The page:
No Teddy Bear Picnic
It was a warning.
But the difficulty with warnings is recognizing them for what they are.
“It was hard and black – not soft and full of berries like you’d see when they’re eating well,” said a shaken Phil Clarke on Tuesday.
“He was hungry and likely cranky.”
Last Friday was stinking hot – 30 degrees for the beginning of the great May 2-4 Weekend.
Phil Clarke figured it’d be cool in the forest he’s worked as a harvester and sawmiller since moving to the Brophy Road in Lakevale with his wife Sally over three decades ago.
So he cut cross country and ambled under spruce, yellow birch, maple and pine. He contemplated the forest’s slow growth on the mile’s walk to where his truck was parked in a patch he’d been cutting near the Big Marsh Road.
Then there was the hard, black poop of a malnourished bear still groggy from its long winter’s slumber.
He examined it, as he has many a pile of shit belonging to the creatures sharing the forest from which he makes his living, and moved on.
Then there was the growl.
Right beside him – not ten feet away.
It might have been sleeping below some undergrowth when he disturbed it.
“I thought ‘this is it, I’m finished’,” remembered Phil.
The bear, so black it’s not so much a colour as an absence of light, charged.
All he could do was stare.
It stopped maybe four feet in front of him.
What to do?
He had nothing to defend himself with.
Nothing to scare it with.
And it was big and angry.
“When it stood, it was as tall as me – like 6 foot 8.”
No one has ever invited Phil to play on their basketball team … so the bear evidently didn’t get his sense of humour.
What to do?
Phil kept walking.
He watched the bear as it circled him and picked paths through the trees that would keep him moving away from it and limit his chance of falling.
“I figured if I tripped and fell, he would be on top me.”
The bear would stand at trees and rip and claw at their bark.
Phil kept walking.
Picking the safest routes.
Staying away from ravines or areas that would require him to scramble on all fours.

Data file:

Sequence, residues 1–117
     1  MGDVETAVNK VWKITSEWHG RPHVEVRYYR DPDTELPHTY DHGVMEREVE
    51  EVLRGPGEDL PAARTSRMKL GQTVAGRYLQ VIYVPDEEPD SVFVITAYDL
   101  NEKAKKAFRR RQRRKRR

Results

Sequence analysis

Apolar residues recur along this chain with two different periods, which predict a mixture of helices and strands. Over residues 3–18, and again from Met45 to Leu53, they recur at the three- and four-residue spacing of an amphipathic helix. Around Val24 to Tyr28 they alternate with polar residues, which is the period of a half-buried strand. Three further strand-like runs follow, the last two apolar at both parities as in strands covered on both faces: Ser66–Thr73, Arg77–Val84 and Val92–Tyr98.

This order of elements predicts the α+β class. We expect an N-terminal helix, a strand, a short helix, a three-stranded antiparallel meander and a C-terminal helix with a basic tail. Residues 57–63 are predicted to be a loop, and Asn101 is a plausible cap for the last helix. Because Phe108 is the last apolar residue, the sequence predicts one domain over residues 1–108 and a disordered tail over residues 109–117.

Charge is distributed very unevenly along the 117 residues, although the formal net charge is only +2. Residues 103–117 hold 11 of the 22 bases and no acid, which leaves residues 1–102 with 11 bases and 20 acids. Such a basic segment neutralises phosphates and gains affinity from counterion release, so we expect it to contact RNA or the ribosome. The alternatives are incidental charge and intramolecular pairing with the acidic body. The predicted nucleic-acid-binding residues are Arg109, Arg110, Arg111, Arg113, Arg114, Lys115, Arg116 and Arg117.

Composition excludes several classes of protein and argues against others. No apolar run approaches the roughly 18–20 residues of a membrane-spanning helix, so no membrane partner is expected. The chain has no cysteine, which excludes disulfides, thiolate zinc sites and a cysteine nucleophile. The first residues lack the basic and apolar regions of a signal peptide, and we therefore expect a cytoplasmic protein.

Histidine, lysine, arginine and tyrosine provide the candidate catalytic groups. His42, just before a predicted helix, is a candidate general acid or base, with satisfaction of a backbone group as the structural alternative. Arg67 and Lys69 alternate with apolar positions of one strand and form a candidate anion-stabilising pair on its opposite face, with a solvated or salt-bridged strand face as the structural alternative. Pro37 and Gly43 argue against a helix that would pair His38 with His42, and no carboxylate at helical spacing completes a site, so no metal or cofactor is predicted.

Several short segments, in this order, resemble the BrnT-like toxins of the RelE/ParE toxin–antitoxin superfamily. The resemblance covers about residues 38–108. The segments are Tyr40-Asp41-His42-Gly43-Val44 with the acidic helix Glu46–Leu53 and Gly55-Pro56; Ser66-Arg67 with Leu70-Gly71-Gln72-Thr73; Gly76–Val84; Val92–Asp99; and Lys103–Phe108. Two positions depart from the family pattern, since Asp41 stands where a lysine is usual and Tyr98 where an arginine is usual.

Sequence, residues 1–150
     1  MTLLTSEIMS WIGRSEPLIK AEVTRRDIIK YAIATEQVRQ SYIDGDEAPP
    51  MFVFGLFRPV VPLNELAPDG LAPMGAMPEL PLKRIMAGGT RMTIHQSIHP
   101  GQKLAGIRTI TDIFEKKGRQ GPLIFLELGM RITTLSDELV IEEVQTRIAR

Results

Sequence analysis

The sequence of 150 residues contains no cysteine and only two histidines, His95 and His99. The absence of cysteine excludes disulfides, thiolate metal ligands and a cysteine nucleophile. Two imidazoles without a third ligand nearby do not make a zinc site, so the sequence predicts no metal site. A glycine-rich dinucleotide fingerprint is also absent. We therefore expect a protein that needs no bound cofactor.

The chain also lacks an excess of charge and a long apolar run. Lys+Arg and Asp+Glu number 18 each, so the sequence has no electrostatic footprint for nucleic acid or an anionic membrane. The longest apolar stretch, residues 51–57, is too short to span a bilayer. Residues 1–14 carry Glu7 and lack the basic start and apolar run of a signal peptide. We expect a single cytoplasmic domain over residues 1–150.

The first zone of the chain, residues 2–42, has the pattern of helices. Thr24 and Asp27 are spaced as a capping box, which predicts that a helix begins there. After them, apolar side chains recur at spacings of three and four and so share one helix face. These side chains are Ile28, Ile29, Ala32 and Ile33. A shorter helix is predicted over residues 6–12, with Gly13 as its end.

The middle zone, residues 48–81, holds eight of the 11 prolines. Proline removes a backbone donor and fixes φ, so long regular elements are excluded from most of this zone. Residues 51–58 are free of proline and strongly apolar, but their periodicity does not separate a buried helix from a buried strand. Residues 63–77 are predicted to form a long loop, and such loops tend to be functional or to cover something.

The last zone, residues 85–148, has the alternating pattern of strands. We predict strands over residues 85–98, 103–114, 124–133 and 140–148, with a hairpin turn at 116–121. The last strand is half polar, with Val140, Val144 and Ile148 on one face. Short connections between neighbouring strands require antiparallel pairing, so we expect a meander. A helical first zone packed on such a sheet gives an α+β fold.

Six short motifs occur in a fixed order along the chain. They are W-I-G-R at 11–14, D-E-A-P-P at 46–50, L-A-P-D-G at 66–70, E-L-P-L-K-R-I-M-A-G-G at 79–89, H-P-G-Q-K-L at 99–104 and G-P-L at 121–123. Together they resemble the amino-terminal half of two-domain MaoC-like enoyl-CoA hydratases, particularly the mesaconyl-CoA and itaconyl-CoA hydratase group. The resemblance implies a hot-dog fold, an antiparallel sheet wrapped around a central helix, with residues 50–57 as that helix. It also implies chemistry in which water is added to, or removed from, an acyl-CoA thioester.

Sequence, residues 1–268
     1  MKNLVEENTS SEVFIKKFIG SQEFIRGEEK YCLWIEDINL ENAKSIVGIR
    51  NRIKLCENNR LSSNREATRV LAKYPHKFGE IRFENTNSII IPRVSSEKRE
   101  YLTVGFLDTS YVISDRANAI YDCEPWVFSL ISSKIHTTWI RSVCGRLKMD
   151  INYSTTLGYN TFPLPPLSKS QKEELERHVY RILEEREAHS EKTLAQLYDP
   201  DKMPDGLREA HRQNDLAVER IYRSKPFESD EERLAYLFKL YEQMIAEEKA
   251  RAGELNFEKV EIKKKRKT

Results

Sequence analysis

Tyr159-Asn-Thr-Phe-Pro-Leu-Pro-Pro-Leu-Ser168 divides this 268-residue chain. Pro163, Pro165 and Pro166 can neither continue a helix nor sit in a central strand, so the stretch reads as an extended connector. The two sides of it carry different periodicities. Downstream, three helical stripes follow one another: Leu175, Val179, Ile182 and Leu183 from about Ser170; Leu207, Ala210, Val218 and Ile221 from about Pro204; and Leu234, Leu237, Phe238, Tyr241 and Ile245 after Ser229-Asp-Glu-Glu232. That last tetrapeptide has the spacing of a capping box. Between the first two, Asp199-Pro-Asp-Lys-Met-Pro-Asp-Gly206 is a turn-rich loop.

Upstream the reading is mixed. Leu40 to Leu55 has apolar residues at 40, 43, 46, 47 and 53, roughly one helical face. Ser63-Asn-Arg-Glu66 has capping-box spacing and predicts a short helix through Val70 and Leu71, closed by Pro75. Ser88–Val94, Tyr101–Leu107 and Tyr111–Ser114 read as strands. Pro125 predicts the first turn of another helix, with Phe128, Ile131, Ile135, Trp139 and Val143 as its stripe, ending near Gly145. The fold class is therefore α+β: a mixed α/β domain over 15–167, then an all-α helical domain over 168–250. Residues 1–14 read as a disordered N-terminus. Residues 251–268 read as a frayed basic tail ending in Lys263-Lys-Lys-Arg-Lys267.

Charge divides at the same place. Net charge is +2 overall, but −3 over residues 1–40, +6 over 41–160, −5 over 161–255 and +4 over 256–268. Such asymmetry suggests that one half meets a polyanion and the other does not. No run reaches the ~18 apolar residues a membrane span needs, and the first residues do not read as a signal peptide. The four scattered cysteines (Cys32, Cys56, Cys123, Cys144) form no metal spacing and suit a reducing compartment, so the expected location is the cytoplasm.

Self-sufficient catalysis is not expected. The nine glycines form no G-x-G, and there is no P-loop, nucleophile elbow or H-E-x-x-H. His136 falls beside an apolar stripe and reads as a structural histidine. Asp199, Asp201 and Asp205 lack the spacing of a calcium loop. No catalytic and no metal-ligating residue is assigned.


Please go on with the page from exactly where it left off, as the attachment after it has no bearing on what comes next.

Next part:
It was hot.
After an hour of this he realized he was lost.
The bear was still there.
Each time he’d bend down to pick up a stick to defend himself with, it would charge.
He tried to look as big as possible – which wasn’t easy.
He tried not to think about what those claws would do to him each time the bear stopped to thrash a softwood.
He thought about his own heart – he’d had stents put in a few years ago and still doesn’t know the limits of its endurance.
He felt the heat beating down as he entered a recently cut over stand he didn’t recognize and pushed through young hardwood saplings as the bear did the same.
“It got to the point that I didn’t even look back at him – I thought if he’s going to take me down, he’s going to take me down.”
Then there was a bank – he scrambled up it and suddenly he was on the road again.
He started down it.
The bear didn’t follow.
“looking back I think I startled it and it was chasing me out of its territory,” said Phil.
“They’re like that, territorial. I think I'll invest in some bear spray, just the same.”
On Tuesday Phil Clarke drank coffee in the kitchen of the house he built for his family from lumber he’d cut and milled and thought about how good it is to be alive.
Somewhere within a mile of his home, on the land he’ll being returning to with a powersaw, that bear is still there.
He’s hoping next time he comes across its scat, he sees signs that the bear has found something to eat.
They are neighbours, after all.